From the earliest wrist watch to the latest fitness trackers, we’ve been refining and expanding the functionality of wearable devices.
According to market research firm eMarketer, 39.5 million U.S. adults 18 and over used wearable devices in 2015, including smartwatches and fitness trackers, an increase of 57.7 percent over 2014. Researchers say this growth will continue through 2016 and beyond, with 81.7 million adults using wearables by 2018.
Technology meets other obsessions
The rapid advance of mobile phone and electronic sensor technologies, plus the convergence of affluence and self-obsession (reflected in the ‘quantified self’ market), has spawned the new electronics market for ‘wearables’: devices that track our movements, fitness, vital signs, whereabouts and a range of other data.
Pebble launched the first commercially successful smart watch with a record-breaking Kickstarter crowd funding campaign in 2012. Nike and Apple collaborated on the early Nike+iPod fitness tracking device. While Maxwell Smart’s shoe phone made him an early adopter of wearables, sensors and computers are now embedded not just in shoes but in clothing as well. Shoes and shirts can change color – for fashion – or have more serious functions such as the work shirt, promoted by insurer AIG, that traces workers’ movements in an attempt to cut work-site accidents.
Using our heads
Technology is also increasingly using our heads: “The head is fast becoming a piece of premium human real-estate for technology companies,” claims weareable.com. Clunky strap on cranial cameras developed in the ‘80s have become sleek eyewear that not only take pictures but also provide information – or create alternative realities. The first Google Glass headsets however – devices that put a computer right in front of your eyes and sold for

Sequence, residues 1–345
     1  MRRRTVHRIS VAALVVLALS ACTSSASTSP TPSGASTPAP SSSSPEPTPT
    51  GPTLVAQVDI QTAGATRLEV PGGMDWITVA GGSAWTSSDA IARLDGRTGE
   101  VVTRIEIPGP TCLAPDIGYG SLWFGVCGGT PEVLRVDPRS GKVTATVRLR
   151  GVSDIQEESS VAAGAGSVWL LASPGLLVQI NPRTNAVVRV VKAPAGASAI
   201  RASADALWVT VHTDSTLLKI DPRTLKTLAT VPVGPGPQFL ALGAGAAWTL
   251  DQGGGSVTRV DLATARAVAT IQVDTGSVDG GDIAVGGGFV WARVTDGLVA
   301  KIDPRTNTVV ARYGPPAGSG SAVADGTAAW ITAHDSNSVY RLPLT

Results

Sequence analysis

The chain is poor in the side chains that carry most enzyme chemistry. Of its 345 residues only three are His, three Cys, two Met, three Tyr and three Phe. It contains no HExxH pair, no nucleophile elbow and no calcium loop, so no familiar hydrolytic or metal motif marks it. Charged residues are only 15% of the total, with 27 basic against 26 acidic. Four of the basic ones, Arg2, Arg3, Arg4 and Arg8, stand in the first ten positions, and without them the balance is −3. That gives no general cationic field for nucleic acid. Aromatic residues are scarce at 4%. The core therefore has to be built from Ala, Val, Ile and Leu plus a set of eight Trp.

$1,500 – failed in the market. As wearable.com says, “An hour with Glass was enough to make you realize two things: The first is that it is an amazing glimpse into the future of technology and the way we augment connected data and the real world.
However, the second is that you will never want to wear Google Glass again.” Google will release its second attempt in 2016.
Just as Google found with its glasses, gain for wearable technology suppliers isn’t made without pain. Fossil’s Wrist PDA, launched in 2002, lasted only three years. In February 2014, FitBit’s Force device faced a total withdrawal after thousands of buyers developed skin rashes. Jawbone (the industrial design company that brought us sleek, in-ear Bluetooth devices) launched its fitness-tracking device, Up, in late 2011 but had to withdraw it soon after due to technical problems. Nike+ took advantage of Up’s withdrawal to promote its FuelBand in early 2012. In 2013 FuelBand faced a class action suit by consumers based around the efficacy of its data, and in 2014 Nike discontinued the product.
Innovation and the bottom line
The bottom line is that what’s technologically possible isn’t always what customers want, or are willing to buy in large enough numbers to make the venture profitable.
Wearables all require electronic sensors which are becoming more and more sophisticated. Apple CEO Tim Cook told the All Things Digital Conference back in May 2013 that the problems to be solved in building wearable electronics were not trivial – but they would be good news for the sensor industry: “The whole sensor field is going to explode,” Cook said. “It’s already exploding. It’s a little all over the place right now, but with the arc of time, it will become clearer I think.”
According to Dynosense, digital health monitoring products manufacturer:
“Advances are being made in the sensor space every day at the intersection of technology and the body, and the possibilities are open ended.” It’s the intersection of those possibilities with profits that electronics companies are trying to maximize.
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